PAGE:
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"Why I Love You, O Therese" by Bishop Guy Gaucher, O.C.D.

"Why I Love You, O Therese" by Bishop Guy Gaucher, O.C.D.

Guy Gaucher, O.C.D. Photo courtesy of the Discalced Carmelite Friars of Paris 

At the beginning of the month of July 2005, Bishop Guy Gaucher became emeritus bishop of the Diocese of Bayeux and Lisieux; that is to say, having reached the age of seventy-five, the age at which bishops submit their resignation to the Pope, he retired from the position he held in the diocese and also the position he held at the Lisieux Pilgrimage Centre, both of which he had served for eighteen years.

Several gatherings marked his departure, one with the diocesan priests at Caen, on Thursday 16th June, and another on Sunday, June 19th in the basilica of Lisieux, in the presence of Pierre Pican, Bishop of Bayeux and Lisieux.

During that thanksgiving service, Bishop Guy Gaucher gave the homily which is reproduced here.

Guy Gaucher’s life was influenced by Thérèse of Lisieux, whom he made known through many lectures, articles, and works, the most important of which is Story of a Life (Cerf) [English translation published by Harper and Row].

The enormous engagement that Guy had as a Carmelite, before he became bishop, continued throughout his Episcopate.  This, plus the support and energy he gives the Lisieux Pilgrimage Centre, the talent with which he presents the Theresian message, and the friendship that he shares with everyone, can all be seen in a concise form in his letter to Thérèse.  The Rector of the Lisieux Pilgrimage Centre is pleased to share this fiery testimony of love with all those who love Thérèse, and for whom Bishop Guy Gaucher has been, and continues to be, a guide to make her known.

Thank you, Guy.

Bernard Lagoutte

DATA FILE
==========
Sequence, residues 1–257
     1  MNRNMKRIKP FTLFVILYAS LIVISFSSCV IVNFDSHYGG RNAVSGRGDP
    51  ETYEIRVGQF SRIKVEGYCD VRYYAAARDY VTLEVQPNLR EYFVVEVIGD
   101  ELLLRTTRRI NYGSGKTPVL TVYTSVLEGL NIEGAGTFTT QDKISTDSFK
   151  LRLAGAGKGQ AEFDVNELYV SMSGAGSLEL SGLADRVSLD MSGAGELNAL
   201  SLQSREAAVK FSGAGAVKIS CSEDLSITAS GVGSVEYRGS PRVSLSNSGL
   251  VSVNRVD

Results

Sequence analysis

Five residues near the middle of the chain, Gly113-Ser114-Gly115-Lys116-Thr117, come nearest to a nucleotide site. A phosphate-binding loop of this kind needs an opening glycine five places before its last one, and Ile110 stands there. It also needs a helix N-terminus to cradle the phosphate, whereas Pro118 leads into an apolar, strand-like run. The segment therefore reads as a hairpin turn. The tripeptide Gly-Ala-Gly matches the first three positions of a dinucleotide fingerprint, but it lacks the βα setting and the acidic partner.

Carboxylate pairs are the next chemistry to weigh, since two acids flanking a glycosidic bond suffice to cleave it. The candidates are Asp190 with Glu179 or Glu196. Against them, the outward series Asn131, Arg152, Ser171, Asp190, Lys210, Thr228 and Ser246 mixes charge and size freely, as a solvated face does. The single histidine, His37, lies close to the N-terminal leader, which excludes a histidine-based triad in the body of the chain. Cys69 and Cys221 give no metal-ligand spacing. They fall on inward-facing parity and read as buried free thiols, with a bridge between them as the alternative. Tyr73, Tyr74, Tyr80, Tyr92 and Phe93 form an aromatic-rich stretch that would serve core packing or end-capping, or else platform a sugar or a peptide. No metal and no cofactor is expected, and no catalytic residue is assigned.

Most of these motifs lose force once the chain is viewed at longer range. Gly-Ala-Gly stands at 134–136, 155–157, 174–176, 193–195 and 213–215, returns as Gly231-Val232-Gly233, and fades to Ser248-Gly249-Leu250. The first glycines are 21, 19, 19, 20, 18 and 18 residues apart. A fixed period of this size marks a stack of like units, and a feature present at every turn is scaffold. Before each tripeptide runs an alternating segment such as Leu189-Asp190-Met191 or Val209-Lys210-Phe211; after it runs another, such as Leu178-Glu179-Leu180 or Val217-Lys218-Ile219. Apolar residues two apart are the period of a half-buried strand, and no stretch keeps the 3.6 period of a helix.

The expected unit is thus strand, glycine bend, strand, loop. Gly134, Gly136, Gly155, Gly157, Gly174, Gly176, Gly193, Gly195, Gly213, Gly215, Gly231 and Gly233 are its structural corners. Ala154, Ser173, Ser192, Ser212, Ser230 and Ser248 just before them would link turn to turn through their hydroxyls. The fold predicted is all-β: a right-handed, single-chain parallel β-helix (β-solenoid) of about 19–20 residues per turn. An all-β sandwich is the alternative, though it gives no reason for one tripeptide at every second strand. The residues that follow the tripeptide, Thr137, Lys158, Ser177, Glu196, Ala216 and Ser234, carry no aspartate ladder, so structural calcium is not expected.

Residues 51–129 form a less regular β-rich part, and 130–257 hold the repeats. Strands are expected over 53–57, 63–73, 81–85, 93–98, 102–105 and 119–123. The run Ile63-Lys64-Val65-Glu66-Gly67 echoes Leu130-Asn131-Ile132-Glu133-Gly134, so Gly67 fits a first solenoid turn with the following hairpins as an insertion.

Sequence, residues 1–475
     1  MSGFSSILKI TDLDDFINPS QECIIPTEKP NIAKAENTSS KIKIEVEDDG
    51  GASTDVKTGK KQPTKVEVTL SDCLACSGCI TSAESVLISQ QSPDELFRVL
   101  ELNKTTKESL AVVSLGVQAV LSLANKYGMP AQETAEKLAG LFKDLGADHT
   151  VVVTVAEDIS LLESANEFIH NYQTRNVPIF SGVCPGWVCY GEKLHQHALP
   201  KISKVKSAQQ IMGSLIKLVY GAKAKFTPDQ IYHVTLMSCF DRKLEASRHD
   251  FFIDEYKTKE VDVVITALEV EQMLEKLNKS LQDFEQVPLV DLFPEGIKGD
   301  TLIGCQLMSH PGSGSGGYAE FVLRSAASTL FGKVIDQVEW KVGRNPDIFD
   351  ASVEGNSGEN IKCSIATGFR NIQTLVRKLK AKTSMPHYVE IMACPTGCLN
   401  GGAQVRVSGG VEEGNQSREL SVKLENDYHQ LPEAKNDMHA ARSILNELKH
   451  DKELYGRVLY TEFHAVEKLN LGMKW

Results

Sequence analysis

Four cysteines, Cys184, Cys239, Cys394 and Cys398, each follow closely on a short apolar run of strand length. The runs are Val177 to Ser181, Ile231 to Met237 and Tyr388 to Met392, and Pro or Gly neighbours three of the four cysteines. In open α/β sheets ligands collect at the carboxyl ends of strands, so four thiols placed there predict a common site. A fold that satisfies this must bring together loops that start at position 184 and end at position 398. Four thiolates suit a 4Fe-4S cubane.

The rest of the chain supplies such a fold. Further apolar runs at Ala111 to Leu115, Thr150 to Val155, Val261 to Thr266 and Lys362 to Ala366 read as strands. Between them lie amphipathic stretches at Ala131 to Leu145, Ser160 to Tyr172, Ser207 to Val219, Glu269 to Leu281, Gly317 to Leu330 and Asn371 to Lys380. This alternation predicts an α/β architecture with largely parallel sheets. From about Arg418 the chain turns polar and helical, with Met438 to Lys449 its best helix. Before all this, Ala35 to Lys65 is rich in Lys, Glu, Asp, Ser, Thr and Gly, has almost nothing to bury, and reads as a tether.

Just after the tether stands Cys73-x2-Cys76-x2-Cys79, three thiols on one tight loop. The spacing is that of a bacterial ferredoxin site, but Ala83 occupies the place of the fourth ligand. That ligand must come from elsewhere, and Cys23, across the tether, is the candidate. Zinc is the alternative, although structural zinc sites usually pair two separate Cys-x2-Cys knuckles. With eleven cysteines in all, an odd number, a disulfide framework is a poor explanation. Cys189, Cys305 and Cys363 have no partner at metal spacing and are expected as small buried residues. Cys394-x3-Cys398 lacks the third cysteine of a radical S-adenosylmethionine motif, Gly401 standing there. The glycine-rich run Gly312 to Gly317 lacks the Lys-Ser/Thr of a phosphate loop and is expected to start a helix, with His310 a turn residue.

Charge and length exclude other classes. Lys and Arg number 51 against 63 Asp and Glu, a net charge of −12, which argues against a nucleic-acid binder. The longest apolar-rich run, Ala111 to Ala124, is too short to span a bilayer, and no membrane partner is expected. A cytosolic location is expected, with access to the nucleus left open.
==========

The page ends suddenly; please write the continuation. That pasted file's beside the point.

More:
St. Thérèse Shrine, Lisieux.

Brothers and Sisters in Christ

For this thanksgiving service, allow me, for once, not to ponder exclusively upon the Word of God.

In this Basilica where I celebrate my farewell Eucharist to the Diocese of Bayeux and Lisieux, and to the Lisieux Pilgrimage Centre, I would like to share with you one more time what I owe to Sister Thérèse of the Child Jesus of the Holy Face.

Of course, every thanksgiving goes first and foremost to the Triune God.  It is the Father, Son, and Holy Spirit, the beginning and the end of everything, who lead the Church, who lead the world, who lead each one of us.  But God’s grace goes through intermediaries, mediators.  Thérèse Martin is one of these favoured ones.

Now that I am going to practice my Episcopal ministry in a different way--for the mission continues--I would like to give thanks for this young woman, this “beacon of our century” as Father Congar said, by way of a meditation, a testimony, which one could entitle “Why I love you, O Thérèse."

 Like so many others, at first I experienced only indifference, if not scorn, toward you, Thérèse.  Your statue in my parish, the ‘Orphelins d’Auteuil,' held hardly any attraction for me.  At the age of twenty-two, I passed through Lisieux without bothering to visit your Carmel.  Everything seemed to distance me from you: these countless merchants who offered your honeyed image, which was ugly because too “pretty”; the little--very little--I knew about you: your Catholic environment, which had turned in on itself; your collectively canonizable family; your ‘Belle Epoque,’ which exasperated me with its narrow moralism, its conformist art, its naïve confidence in Progress; your pious language; your “angelic” life at the Carmel, with its strange rules, its black veils and grilles; your romantic death as the “young girl of the rose” («de jeune fille á la rose»).

As for those who sang your praises, they irritated me even more.  Truly, you had everything against you.

These difficult situations quite suit you: you love a fight.  How are you going to go about moving us deeply, “catching” us, penetrating our lives like a burglar, yet without imposing your presence.  Sometimes you strike like lightning; sometimes you take your time.  Often you need only reveal your true face.  Who can resist your secret charm?  Those who do not receive this Theresian grace.  Because, of course, there has to be grace there.  Grace which annihilates, as if playing a game, the wall of obstacles that has been built up at a whim.  So that, if you ask me why I love you, I can only reply—because it’s you.  Which, obviously, doesn’t explain anything.  But I have been asked to give reasons.  So, let us look for them.

I love you because you remain constantly surprising, an elusive, puzzling personality.  You are nothing like the wooden image that I pictured before.  You surprised even yourself by the contrasts in your character.  It is true, I believed you to be vapid, even though your intuitive mind never rests.  You are always searching, never satisfied with your discoveries.  You always want to go farther, especially where God is concerned.  But you also know how to weigh up those around you; You are not taken in by those who try to impress.